Over a two separate two-hour conversations from his home in Los Angeles, Fincher discussed bringing this tribute to his father (who died in 2003) to the screen, his reputation as a taskmaster on set, why he’s sorry Fight Club pissed off a fellow filmmaker, and more.
How did your father end up writing the Mank screenplay?
My dad wrote for a lot of magazines: Psychology Today, Sports Illustrated, Reader’s Digest. He’d written a novel in the 1950s or Sixties, I think, and burned it. He’d written a couple of screenplays in the 1970s. After he’d retired, he was looking for a challenge, and told me, “I’m thinking about writing another script. What is a story you would like to read about?”
When I was growing up, he always told me Citizen Kane is the greatest movie ever made. That was received wisdom, long before I ever had the chance to actually see it, when I was 12. We’d talked in the past about that Pauline Kael essay, “Raising Kane,” and the entire time he’d been telling me about the power and influence of that movie, Herman Mankiewicz’s name never came up. So I said, “Hmm. It’s always fascinated me, this friction between Mankiewicz and Welles in making Citizen Kane. No one’s told that story.” And he said, “Oh.” I mean, he wanted a challenge! [Laughs.] I didn’t even think he’d finish it.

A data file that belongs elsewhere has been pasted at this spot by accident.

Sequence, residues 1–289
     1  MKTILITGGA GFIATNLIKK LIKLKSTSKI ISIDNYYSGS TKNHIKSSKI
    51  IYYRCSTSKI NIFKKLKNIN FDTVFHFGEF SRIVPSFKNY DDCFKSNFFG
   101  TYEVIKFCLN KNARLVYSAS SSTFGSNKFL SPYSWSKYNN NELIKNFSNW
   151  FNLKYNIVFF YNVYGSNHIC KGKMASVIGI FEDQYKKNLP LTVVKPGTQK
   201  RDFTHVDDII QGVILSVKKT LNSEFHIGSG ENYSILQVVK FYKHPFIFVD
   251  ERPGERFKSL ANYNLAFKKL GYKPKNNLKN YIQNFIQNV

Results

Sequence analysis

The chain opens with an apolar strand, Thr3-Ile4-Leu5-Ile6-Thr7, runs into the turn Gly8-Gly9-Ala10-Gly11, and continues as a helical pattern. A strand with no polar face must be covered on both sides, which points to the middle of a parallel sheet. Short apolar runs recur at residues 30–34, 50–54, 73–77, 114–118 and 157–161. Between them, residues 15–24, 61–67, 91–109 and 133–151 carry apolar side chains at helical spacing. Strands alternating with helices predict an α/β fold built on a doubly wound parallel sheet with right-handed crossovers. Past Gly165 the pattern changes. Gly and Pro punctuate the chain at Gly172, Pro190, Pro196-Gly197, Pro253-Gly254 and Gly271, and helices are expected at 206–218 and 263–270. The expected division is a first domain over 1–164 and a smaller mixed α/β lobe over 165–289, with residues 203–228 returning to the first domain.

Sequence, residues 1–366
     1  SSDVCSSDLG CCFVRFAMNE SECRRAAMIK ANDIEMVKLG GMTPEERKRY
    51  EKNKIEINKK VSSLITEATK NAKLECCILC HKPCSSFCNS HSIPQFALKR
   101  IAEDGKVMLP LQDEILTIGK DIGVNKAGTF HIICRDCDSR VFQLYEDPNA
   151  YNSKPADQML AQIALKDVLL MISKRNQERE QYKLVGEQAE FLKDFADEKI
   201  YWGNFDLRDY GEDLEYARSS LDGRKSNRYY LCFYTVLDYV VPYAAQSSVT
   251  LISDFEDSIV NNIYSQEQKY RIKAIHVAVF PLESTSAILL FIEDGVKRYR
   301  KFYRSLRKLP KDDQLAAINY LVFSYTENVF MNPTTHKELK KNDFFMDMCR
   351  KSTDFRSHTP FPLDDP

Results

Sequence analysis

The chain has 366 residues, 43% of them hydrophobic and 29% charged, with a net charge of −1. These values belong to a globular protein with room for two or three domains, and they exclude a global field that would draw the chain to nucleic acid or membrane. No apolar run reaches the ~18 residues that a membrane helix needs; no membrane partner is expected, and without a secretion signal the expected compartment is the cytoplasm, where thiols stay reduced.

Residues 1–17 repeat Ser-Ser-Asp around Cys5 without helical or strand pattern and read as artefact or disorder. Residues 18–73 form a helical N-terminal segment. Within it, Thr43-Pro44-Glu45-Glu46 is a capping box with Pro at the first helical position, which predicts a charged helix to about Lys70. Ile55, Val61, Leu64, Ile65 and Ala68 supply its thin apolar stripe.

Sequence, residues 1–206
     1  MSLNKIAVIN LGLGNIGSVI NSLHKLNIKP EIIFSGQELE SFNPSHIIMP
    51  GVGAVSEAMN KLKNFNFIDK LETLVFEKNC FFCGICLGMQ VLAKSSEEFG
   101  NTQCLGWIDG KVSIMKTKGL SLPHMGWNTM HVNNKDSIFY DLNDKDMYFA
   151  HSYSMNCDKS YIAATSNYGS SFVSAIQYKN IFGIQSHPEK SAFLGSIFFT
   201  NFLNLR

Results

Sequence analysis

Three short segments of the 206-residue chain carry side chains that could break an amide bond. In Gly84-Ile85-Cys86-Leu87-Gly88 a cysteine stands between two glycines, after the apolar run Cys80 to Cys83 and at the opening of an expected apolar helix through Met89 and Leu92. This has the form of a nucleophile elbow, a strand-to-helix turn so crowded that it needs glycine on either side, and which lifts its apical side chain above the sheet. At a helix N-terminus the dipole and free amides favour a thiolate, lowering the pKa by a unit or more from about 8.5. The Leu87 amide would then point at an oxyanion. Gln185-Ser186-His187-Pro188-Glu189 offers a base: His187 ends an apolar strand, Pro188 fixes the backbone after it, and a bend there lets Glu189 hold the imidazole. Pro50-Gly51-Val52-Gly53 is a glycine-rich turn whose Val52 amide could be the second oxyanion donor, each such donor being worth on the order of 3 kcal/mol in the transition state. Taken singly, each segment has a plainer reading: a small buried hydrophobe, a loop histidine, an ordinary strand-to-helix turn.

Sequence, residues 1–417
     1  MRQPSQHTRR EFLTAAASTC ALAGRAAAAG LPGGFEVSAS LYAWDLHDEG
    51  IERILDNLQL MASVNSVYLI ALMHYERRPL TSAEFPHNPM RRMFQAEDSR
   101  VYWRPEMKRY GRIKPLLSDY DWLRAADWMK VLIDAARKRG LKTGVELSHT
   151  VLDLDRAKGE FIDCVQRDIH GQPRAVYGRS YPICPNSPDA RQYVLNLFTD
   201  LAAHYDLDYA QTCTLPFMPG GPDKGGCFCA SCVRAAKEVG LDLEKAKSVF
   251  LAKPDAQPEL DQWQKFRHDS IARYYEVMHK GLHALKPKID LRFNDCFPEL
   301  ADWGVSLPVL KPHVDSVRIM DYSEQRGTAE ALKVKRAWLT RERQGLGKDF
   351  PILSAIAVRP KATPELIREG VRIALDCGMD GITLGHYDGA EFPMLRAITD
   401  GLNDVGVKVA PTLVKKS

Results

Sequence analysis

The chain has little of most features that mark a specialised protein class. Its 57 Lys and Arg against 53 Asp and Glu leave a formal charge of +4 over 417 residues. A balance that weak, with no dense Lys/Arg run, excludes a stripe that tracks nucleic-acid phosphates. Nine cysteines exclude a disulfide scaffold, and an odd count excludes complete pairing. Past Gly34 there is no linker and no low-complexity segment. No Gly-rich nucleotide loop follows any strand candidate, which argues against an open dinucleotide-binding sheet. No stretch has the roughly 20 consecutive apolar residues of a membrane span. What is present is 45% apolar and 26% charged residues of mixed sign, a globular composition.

Listen, when I was 12 or 13, someone showed my dad a magic trick, something with cards that was alphanumeric. He became obsessed with this thing, and literally stopped eating and sleeping for about six, seven days as he figured it out. A lot of Robert Graysmith in Zodiac is based on his particular personality traits. He was prone to disappearing down rabbit holes.
Did you get that trait from him?
I would file that under the dime-store psychology of Rosebud [laughs], but no. I got my work ethic from my mother: “Whatever you do, do with your might, things done by halves are never done right.” And my father had a kind of endless inquisitiveness. So I think I ended up with 22 chromosomes of each.
But he wrote this thing that … again, this is all interpretive, because I find Kael’s essay to be fascinating, and now, from what I know about how movies are actually made, almost inapplicable to moviemaking. Entire essays could be written on what Pauline Kael didn’t understand about how movies got made. And it’s was not her job to know how the sausage got made. It was her job to judge and taste the sausage. I understand that.